Latin America & Caribbean

Rio 2016: Venues struggle to meet demand for food and drink

Olympic team from Chinese Taipei eat fast food in athletes village of Rio Olympic Games on August 1, 2016 Image copyright Getty Images
Image caption These competitors in the athletes' village found food, but many sports fans have not been so lucky

Olympics organisers are struggling to supply enough food and drink at some Rio venues, but say they are confident the problem can be solved.

Visitors have been allowed to leave venues to find supplies elsewhere, organising committee spokesman Mario Andrada said.

He said extra food and water supplies were on their way.

Some venues have also struggled to fill seats, even for the most popular sports in Brazil such as football.

Correspondents say the problems suggest that the rush to complete the basic infrastructure at the Games has meant some tests on the systems have not been possible.

Mr Andrada confirmed that the International Olympic Committee (IOC) had complained about the lack of food and drink at some events.

But he added: "Harsh words are how partners sometimes work.

"Even team-mates on the field of play shout at each other sometimes - it's a heads-up moment and part of life. The issue is how fast you fix these problems and no event of this size will be trouble-free."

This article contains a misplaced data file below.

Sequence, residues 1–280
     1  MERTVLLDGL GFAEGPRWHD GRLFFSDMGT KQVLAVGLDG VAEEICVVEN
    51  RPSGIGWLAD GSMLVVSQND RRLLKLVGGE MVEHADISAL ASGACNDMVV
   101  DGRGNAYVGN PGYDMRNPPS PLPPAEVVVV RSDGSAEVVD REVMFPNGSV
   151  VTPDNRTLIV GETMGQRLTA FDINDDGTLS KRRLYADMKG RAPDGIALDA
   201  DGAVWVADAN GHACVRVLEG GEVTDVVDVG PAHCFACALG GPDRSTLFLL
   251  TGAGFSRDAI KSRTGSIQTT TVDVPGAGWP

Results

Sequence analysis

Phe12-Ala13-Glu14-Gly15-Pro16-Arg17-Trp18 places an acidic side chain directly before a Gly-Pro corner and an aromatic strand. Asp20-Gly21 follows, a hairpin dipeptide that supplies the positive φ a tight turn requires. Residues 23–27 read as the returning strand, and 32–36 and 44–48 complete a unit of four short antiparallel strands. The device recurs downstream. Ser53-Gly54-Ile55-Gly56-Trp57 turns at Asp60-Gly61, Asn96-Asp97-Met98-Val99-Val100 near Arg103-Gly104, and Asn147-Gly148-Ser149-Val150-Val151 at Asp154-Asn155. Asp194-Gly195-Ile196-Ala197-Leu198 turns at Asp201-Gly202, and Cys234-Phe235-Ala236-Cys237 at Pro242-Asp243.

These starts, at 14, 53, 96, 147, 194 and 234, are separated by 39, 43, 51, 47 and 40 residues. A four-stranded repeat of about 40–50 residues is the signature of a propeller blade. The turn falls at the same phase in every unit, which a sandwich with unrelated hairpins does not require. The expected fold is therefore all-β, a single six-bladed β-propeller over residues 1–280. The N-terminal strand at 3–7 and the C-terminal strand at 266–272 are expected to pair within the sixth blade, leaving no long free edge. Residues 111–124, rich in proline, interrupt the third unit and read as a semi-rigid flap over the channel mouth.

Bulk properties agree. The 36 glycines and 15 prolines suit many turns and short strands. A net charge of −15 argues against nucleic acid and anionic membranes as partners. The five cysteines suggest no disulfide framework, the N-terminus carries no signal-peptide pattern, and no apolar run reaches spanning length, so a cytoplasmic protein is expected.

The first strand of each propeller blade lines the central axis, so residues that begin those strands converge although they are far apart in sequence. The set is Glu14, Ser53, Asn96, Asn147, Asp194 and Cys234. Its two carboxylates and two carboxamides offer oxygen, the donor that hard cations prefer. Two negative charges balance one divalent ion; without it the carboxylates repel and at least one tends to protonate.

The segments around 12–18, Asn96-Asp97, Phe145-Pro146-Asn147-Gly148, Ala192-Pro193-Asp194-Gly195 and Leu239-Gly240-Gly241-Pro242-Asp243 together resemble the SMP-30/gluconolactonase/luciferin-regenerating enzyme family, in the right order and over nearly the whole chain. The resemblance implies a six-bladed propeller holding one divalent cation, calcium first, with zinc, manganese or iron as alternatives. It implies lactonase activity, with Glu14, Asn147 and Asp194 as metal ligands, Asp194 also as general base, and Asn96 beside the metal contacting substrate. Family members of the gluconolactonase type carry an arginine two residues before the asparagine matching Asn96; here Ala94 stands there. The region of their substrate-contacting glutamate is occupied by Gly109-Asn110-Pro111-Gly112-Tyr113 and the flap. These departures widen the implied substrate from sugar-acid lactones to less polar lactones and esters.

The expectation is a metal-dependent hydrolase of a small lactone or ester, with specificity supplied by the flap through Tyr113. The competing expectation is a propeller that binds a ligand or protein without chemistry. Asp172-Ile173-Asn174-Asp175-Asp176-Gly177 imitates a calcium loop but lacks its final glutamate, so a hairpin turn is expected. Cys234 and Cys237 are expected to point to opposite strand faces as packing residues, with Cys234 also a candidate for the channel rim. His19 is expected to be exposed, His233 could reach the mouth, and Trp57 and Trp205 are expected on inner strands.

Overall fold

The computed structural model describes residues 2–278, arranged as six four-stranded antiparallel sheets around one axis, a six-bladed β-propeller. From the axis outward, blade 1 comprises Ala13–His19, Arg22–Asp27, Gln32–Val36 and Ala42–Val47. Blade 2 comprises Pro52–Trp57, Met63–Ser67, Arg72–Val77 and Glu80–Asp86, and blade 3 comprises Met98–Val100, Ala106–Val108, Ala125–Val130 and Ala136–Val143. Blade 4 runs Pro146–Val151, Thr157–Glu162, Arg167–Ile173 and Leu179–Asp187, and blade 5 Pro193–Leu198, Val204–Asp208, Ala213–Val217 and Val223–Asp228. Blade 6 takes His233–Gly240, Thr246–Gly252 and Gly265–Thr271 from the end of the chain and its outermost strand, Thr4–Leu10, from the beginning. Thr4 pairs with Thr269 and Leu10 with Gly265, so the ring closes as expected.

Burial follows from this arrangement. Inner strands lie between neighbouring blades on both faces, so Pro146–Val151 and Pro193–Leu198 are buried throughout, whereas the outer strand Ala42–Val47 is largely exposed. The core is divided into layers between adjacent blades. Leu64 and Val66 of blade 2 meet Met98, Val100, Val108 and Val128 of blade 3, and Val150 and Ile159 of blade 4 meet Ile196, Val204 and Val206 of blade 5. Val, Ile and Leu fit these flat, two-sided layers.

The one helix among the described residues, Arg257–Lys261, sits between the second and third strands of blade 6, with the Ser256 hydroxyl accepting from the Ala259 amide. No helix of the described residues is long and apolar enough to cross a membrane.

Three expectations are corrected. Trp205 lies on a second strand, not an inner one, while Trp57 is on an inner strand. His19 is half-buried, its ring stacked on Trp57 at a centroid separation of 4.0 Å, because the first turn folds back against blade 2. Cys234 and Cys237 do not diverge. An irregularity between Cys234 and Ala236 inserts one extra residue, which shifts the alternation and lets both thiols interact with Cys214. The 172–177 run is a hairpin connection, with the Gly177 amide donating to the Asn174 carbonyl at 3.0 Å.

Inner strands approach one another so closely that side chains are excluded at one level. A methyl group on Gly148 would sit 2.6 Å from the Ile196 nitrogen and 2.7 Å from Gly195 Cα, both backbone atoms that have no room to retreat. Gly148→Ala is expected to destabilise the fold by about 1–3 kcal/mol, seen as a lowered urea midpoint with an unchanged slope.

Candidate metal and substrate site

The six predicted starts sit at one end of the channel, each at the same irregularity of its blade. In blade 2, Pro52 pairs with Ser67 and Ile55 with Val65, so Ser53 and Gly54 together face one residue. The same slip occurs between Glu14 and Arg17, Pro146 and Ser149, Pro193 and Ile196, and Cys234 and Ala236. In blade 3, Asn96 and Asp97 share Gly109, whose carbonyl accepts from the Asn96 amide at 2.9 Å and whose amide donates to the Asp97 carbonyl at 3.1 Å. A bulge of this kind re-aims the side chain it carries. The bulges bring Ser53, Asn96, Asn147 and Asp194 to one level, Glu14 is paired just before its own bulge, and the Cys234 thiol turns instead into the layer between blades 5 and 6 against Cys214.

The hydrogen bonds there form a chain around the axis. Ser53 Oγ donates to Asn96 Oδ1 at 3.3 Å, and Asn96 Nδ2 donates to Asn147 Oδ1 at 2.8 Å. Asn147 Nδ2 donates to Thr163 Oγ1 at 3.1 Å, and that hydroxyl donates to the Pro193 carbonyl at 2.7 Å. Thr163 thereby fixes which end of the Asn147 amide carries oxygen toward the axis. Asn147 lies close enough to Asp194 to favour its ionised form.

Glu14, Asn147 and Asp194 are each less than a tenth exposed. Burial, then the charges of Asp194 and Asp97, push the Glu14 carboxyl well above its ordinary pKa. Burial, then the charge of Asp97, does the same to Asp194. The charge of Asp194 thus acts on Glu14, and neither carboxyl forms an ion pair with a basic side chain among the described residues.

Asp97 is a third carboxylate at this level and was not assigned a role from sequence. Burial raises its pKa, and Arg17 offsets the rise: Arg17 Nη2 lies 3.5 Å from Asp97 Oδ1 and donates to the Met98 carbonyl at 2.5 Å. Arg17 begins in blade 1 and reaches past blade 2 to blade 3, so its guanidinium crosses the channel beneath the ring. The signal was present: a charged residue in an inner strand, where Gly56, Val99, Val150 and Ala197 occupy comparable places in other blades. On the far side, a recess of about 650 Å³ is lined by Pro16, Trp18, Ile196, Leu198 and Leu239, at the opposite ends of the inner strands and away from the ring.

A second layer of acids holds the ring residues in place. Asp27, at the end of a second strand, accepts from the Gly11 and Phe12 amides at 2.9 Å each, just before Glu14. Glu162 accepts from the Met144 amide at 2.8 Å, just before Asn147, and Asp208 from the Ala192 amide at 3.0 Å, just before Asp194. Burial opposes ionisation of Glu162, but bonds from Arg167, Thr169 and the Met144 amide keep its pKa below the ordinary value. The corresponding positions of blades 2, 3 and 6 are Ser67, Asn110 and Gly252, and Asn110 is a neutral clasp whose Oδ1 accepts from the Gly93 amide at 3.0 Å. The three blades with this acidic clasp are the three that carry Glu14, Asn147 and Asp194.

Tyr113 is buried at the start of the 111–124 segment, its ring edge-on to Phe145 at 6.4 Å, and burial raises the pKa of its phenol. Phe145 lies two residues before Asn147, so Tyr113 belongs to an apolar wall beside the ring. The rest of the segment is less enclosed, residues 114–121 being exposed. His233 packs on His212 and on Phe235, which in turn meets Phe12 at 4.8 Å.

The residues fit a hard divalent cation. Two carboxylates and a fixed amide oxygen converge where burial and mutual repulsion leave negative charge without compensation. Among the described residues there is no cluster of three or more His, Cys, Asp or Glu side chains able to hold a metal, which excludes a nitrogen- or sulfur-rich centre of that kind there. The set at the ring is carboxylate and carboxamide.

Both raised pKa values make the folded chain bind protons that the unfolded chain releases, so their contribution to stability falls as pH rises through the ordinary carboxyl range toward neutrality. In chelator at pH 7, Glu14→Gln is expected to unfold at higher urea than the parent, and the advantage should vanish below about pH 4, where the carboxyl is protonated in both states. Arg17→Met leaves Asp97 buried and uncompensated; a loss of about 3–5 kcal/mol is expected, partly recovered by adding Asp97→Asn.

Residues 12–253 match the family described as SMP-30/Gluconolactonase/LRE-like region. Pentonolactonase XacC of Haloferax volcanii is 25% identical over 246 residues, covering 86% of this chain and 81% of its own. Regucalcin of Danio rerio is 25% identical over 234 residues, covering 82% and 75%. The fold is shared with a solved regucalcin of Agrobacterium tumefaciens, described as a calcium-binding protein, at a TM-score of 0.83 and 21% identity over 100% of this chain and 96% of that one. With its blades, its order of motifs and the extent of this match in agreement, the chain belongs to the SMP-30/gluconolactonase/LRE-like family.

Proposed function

Image copyright Getty Images
Image caption Large numbers of empty seats have been seen at many events

Mr Andrada said they were allowing people to leave the venues for food and water "because this eases the pressure" on supplies inside the gates.

He said there would soon be "new food trucks, more efficient water supply, and free water supplies for the public standing in line".

Mr Andrada also said bigger crowds were being seen at the more central venues and popular sports, as ticket sales have picked up.

Many fixtures have taken place amid chunks of empty seats. Even Brazil's football team failed to attract a capacity crowd for their first match at the Games.

About 100,000 tickets were sold on Monday, about 82% of those available, Mr Andrada added.

He said he expected Brazil's first gold medal win on Tuesday to further help sales.

An average of about 10,000 tickets per day were being sold about two weeks before the Games started.

"We wish we could have done this before but we're not complaining, we're looking to the future and we're going to sell more and more," Mr Andrada said.

Long delays at security checkpoints have also been blamed for the low turnout.